Poll: Majority of Americans Unprepared to Help in a Major Emergency

A medical emergency can happen any time, any place. In fact, one in three Americans visit the emergency department each year. However, according to a recent national poll* from the American College of Emergency Physicians (ACEP), the majority of adults are unprepared to step in to help in a major medical emergency until help arrives.

Among those who participated in the survey, adults believe on average it would take approximately 12 minutes for medical emergency services to arrive to a situation after being called regardless of their geographic location. However, what people do in the minutes before help arrives can be the difference between life and death.

The data shows that adults are confident in their abilities to help during non-life-threatening emergencies such as fainting (62 percent), or if someone has a broken bone (49 percent); however, that confidence wanes as the severity of the medical emergency increases.

  • 68 percent are not confident to help in the event of a mass shooting.
  • 62 percent are not confident to help if someone's been shot.
  • 52 percent are not confident to help if someone has stopped breathing.
  • 50 percent are not confident to help if someone is severely bleeding.
  • 48 percent are not confident to help in case of a natural disaster.
  • 47 percent are not confident to help if someone has been in a car accident.

While eight in 10 adults (80 percent) feel prepared to effectively communicate with 911 operators if they’re the first person on the scene of a medical emergency, adults feel unprepared when it comes to providing more “hands-on” assistance.

  • 62 percent are unprepared to help if someone has been shot.
  • 61 percent are unprepared to administer an automated external defibrillator.
  • 51 percent are unprepared to control severe bleeding.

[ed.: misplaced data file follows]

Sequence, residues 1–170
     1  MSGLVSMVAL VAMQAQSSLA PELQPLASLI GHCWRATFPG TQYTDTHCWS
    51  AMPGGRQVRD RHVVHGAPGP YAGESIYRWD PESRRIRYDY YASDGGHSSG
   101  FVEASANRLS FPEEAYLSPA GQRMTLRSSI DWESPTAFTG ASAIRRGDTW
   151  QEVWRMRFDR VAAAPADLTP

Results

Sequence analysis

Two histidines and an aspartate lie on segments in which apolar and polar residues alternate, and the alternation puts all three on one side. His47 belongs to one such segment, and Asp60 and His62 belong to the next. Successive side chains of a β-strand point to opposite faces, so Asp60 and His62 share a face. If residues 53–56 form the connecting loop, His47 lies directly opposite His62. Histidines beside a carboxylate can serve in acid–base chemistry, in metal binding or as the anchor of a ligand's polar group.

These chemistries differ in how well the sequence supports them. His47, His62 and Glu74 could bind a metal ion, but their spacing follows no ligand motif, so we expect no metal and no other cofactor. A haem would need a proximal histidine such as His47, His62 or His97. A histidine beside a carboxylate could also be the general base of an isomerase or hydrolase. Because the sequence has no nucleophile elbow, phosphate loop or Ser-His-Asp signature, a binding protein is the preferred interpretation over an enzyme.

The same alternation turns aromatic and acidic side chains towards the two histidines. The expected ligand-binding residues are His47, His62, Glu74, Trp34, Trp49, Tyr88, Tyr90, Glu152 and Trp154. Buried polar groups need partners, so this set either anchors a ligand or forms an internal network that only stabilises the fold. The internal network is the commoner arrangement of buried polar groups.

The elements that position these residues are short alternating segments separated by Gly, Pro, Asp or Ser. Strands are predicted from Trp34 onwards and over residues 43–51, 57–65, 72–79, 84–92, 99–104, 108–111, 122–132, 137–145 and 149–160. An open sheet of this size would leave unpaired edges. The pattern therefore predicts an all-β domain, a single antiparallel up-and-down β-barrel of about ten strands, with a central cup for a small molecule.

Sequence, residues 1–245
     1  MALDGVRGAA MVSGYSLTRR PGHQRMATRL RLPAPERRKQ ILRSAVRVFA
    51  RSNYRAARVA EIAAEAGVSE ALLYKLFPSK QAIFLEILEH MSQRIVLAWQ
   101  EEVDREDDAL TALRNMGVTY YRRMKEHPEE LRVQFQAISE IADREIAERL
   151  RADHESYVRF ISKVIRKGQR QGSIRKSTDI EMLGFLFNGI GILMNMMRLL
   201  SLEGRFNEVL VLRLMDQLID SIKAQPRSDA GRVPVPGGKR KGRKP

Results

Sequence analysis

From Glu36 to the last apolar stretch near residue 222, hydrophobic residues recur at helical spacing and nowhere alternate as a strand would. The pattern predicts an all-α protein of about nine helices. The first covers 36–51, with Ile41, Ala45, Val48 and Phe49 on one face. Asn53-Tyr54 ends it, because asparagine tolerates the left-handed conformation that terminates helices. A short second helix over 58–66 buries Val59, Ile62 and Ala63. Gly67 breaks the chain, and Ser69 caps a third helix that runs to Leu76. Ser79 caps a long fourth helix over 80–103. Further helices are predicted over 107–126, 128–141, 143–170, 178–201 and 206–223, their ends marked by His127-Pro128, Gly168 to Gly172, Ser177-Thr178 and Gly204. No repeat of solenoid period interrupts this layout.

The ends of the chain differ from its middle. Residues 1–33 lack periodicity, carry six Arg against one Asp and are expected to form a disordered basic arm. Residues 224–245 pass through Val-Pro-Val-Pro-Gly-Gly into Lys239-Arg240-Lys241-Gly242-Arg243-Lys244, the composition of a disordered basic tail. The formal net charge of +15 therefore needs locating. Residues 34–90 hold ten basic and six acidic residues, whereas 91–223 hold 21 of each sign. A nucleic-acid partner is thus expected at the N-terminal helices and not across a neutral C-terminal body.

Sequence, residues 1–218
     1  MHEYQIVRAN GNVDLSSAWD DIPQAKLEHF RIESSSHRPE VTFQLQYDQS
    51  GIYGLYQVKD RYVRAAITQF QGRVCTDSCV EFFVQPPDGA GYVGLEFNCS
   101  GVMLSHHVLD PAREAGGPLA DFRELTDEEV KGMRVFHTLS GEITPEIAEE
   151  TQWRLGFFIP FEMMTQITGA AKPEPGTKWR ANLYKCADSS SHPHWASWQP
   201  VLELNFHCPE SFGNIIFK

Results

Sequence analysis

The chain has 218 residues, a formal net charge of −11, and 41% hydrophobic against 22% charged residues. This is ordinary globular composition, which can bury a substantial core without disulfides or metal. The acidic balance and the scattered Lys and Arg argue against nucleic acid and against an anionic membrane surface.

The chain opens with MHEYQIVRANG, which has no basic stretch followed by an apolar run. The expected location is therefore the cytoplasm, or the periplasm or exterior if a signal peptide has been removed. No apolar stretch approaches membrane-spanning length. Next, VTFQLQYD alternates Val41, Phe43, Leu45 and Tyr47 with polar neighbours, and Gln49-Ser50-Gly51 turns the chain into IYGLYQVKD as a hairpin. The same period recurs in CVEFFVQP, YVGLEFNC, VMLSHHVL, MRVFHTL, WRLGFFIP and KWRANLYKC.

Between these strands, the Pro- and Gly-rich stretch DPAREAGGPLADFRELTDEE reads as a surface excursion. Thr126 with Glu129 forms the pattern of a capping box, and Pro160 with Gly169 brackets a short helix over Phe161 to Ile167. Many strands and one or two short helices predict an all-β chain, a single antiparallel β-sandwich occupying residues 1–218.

• 42 percent are unprepared to move an endangered victim to safety.
  • 45 percent are unprepared to apply a tourniquet.
  • 41 percent are unprepared to perform compression-only CPR.

The primary reasons adults report they would hesitate to intervene in a medical emergency are because they don't have any medical training and they fear they would make the situation worse.

Emergency physicians are taking steps to educate and empower people in communities nationwide to confidently be the help until help arrives. ACEP developed Until Help Arrives, a free, one-hour training course for anyone to learn essential lifesaving skills, like controlling severe bleeding and performing hands-only CPR.

According the poll, nine in 10 adults said they would be more willing to intervene in an emergency if they received Until Help Arrives training.

In addition, adults overwhelmingly would feel safer knowing someone certified in the Until Help Arrives program is nearby.

  • 89 percent would feel safer in their own home.
  • 89 percent would feel safer in school.
  • 89 percent would feel safer at a community center or library.
  • 87 percent would feel safer at a local business.
  • 86 percent would feel safer at their office.
  • 85 percent would feel safer in a place of worship.
  • 84 percent would feel safer at a restaurant.

The poll results show the Until Help Arrives program would help people feel more prepared for the unpredictable, and make our community members feel safer at home and in public.

Visit Until Help Arrives to learn more about the program, sign up to be a certified instructor, or attend or host a training near you.

Download an infographic about the poll data here.

Download the the full poll results here.

*Morning Consult conducted this poll on behalf of ACEP on October 7-8, 2019 among a national sample of 2201 adults. The interviews were conducted online and the data weighted to approximate a target sample of adults based on age, race/ethnicity, gender, educational attainment, and region. The results from the full survey have a margin of error of plus or minus two percentage points.

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